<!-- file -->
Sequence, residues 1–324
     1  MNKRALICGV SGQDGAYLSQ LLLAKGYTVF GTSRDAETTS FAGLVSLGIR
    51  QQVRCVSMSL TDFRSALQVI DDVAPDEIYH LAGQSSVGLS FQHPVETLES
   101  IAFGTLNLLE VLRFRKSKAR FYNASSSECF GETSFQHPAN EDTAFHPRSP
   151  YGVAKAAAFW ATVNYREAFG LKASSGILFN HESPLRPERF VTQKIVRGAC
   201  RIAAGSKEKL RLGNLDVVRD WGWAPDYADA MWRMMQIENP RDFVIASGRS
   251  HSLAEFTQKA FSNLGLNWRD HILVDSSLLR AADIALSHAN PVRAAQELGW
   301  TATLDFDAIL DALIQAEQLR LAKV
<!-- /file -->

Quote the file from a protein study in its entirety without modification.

Sequence, residues 1–324
     1  MNKRALICGV SGQDGAYLSQ LLLAKGYTVF GTSRDAETTS FAGLVSLGIR
    51  QQVRCVSMSL TDFRSALQVI DDVAPDEIYH LAGQSSVGLS FQHPVETLES
   101  IAFGTLNLLE VLRFRKSKAR FYNASSSECF GETSFQHPAN EDTAFHPRSP
   151  YGVAKAAAFW ATVNYREAFG LKASSGILFN HESPLRPERF VTQKIVRGAC
   201  RIAAGSKEKL RLGNLDVVRD WGWAPDYADA MWRMMQIENP RDFVIASGRS
   251  HSLAEFTQKA FSNLGLNWRD HILVDSSLLR AADIALSHAN PVRAAQELGW
   301  TATLDFDAIL DALIQAEQLR LAKV